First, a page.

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World's first digital radiology department offers lessons

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In 1992, the Danube Hospital at the Socio Medical Care Center, a 1300-bed facility in Vienna, Austria, implemented what is believed to be the world's first strictly digital radiology system. Nine years later, Dr. Walter Hruby, chair of Danube's

In 1992, the Danube Hospital at the Socio Medical Care Center, a 1300-bed facility in Vienna, Austria, implemented what is believed to be the world's first strictly digital radiology system.

Nine years later, Dr. Walter Hruby, chair of Danube's filmless radiology department and editor of a new PACS book (Digital (R)evolution in Radiology, Springer, 2001, ISBN 3-211-83410-9), reports that not only is digital radiology an excellent working clinical tool for improving healthcare, it also has the potential to become financially successful, since the focus shifts from saving film to increasing productivity and efficiency.

Characterizing his hospital's PACS as a synergistic triumph, Hruby told a November RSNA audience that the benefit of PACS exceeds the sum of its parts.

"Digital radiology allows the functional integration of physically separated systems, centralized archiving and image display, rapid access to images from multiple locations, and effective image communication," he said. "It is now possible to show the benefits that evolve from the implementation of these digital technologies."

Digital radiology's main advantage is the fast, reliable access it offers to all relevant medical information, which saves time, speeds up the report turnaround process, and results in better diagnosis, he said.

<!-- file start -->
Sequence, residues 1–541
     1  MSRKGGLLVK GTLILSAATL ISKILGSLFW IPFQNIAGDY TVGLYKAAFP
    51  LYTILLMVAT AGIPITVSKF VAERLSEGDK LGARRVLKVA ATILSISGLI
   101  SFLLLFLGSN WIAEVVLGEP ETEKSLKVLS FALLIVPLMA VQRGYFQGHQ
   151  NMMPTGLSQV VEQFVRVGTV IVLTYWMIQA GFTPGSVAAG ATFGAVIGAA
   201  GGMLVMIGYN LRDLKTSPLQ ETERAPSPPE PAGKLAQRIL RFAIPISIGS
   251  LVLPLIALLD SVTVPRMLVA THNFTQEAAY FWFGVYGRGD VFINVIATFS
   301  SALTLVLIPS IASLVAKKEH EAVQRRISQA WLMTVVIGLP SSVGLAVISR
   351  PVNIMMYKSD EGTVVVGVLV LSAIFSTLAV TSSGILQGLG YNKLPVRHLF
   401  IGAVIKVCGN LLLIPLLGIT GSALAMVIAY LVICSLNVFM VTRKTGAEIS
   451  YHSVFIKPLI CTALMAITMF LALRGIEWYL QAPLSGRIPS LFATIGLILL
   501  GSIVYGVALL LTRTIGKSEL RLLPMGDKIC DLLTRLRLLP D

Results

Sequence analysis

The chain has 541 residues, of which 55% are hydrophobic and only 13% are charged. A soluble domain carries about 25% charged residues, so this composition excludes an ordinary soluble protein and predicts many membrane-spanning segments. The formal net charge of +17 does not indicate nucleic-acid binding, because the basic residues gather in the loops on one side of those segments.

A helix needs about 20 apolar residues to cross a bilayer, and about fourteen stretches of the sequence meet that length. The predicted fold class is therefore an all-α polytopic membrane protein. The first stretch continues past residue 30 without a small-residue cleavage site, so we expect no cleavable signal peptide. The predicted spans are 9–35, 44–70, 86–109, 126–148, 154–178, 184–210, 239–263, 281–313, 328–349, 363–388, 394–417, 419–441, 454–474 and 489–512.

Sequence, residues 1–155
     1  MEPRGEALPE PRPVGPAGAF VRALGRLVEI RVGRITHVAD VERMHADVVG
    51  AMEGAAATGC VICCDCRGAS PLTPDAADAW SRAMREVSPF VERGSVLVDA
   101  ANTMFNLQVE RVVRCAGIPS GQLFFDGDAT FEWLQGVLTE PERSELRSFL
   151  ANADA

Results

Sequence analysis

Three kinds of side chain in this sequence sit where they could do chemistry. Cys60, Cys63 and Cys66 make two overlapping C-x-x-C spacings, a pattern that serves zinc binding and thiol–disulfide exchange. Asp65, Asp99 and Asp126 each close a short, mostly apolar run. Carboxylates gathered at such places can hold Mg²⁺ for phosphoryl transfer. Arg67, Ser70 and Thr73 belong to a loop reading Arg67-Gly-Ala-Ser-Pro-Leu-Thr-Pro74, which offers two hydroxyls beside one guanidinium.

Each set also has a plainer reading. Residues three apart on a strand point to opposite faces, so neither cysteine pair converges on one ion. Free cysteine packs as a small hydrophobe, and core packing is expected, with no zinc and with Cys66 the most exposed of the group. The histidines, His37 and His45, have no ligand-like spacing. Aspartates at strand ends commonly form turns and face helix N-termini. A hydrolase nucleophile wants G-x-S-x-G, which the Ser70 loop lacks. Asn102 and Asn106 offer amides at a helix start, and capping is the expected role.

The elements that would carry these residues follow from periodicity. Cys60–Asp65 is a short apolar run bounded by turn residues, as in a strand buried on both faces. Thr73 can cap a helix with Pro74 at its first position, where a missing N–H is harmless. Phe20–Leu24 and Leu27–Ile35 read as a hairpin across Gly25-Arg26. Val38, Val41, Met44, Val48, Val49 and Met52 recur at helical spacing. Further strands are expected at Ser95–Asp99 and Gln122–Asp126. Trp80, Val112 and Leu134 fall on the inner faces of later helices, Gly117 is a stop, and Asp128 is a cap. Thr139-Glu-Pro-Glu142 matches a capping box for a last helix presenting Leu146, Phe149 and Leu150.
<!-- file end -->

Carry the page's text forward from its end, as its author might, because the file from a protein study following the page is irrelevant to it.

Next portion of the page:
Faster access to images and the elimination of film searches have resulted in increased departmental efficiency.

"The fact that the increase of the number of patients and services in our department did not require an increase of staff shows that the stepwise implementation of newer technology resulted in an increase of efficiency," Hruby said.

Hruby's PACS has also contributed to lower length-of-stay and lower cost of radiology services. Compared with other Austrian hospitals, Danube's average hospitalization time is a full day less (7.1 to 8.0), and the average cost of radiology services is 16% lower.

Though per-study data volumes have consistently increased over the years, with higher resolution, thinner slices, and additional MR sequences, the modular design of Hruby's PACS allows components like the archive to be swapped without any major changes to the system structure. Danube's archive collected 6.5 million Mbytes of data from 140,000 imaging studies in 1999 alone.

Nevertheless, since no PACS is ever simply plug-and-play, Hruby advises selecting a vendor carefully.

"Over the last years, a rather frequent system upgrade proved to be not only necessary, but also cost- and efficiency-effective," he said. "The choice of a major vendor was an advantage, both in the development of new technology and in its service and maintenance."

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